C1847

Te Aro Flat from near Captain Sharpes Residence.

Scarce colonial panorama of Te Aro Flat, Wellington by Samuel Charles Brees. The view is from the top of the Terrace looking down over Te Aro Flat with Mount Victoria in the distance. Manners Street can be seen in the … Read Full Description

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Details

Full Title:

Te Aro Flat from near Captain Sharpes Residence.

Date:

C1847

Condition:

Minor wear to centre fold. otherwise in n good condition.

Technique:

Hand coloured engraving.

Image Size: 

300mm 
x 110mm

Paper Size: 

362mm 
x 126mm
AUTHENTICITY
Te Aro Flat from near Captain Sharpes Residence. - Antique View from 1847

Genuine antique
dated:

1847

Description:

Scarce colonial panorama of Te Aro Flat, Wellington by Samuel Charles Brees. The view is from the top of the Terrace looking down over Te Aro Flat with Mount Victoria in the distance. Manners Street can be seen in the bottom left of the picture, leading to the Wesleyan Chapel on the right-hand side of the road. Wellington Harbour is on the left of the view, with ships dotted in the harbour. The reference to ‘Captain Sharpe‘ should correctly be Captain Charles Kingsford Sharp who owned a house at the top of The Terrace, Wellington, where Salamanca Road joins The Terrace. Reference: National Library NZ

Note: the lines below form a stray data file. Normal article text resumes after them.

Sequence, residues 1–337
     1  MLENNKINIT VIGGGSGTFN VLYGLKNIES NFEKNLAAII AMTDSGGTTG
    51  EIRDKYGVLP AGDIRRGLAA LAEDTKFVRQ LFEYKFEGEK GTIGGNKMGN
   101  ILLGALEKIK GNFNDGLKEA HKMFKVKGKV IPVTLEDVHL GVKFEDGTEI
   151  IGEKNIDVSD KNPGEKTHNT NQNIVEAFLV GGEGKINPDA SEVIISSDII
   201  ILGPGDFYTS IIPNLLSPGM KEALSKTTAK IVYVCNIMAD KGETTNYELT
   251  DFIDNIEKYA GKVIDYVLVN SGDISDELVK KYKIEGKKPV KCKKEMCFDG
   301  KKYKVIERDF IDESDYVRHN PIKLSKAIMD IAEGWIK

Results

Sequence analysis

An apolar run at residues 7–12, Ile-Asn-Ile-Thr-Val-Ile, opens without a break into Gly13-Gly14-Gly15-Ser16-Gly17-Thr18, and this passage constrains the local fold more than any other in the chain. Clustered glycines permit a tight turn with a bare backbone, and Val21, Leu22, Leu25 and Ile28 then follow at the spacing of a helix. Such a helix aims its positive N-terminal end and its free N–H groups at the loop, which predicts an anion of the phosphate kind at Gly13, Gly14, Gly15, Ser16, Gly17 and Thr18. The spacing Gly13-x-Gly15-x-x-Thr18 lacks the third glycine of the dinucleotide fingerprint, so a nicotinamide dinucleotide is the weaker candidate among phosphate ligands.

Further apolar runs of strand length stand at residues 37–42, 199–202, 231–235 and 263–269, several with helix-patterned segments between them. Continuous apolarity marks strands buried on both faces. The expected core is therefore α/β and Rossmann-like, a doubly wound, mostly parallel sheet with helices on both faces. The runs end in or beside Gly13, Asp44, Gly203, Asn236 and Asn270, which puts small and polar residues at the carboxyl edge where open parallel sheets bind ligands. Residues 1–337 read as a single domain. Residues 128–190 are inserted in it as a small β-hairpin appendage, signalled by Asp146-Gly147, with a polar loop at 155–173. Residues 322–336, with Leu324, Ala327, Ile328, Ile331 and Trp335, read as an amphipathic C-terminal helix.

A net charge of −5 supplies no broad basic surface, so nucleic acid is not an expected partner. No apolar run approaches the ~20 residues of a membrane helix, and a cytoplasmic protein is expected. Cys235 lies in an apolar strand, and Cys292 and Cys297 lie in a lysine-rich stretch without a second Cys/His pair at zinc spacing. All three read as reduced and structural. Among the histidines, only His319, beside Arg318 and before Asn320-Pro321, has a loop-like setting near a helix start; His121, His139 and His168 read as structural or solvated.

Collections:
Alexander Turnbull Library: Ref A-449-012

Samuel Charles Brees (1809 - 1865)

Samuel Brees arrived in Wellington in 1842 to fill the position of surveyor and civil engineer for the New Zealand Company. During his time in Wellington he was responsible for continuing the work of his predecessor, William Mein Smith, surveying the Karori Road and the hills surrounding Wellington Harbour. He oversaw the completion of the initial Wanganui and Manawatu surveys. In 1843 he led an exploratory journey to the southern Wairarapa through Upper Hutt and the Rimutaka range, and prepared the preliminary subdivisions of these areas. By August 1844, six months before Brees’s contract was due to expire, the New Zealand Company was in financial difficulties and was no longer able to pay him. Throughout his period as principal surveyor he had given as much of his spare time as possible to his favourite leisure activity of recording his surroundings in pencil and watercolour. The ending of his employment freed him to devote more time to painting, while he settled his affairs and arranged for his family’s return passage to England. He had produced a substantial portfolio of views of all the areas he had visited, particularly scenes in and around Wellington. These works would normally have become the property of the New Zealand Company, but the company waived its claim to them in the expectation that Brees would publish the sketches and be somewhat compensated for the loss of income he had suffered through the early termination of his contract. On 8 May 1845 Brees, with his wife, now four children, and a servant, sailed on the brig Caledonia for London. His drawings were superbly engraved by Henry Melville in London and remain an important record of early Colonial settlement in New Zealand.

View other items by Samuel Charles Brees

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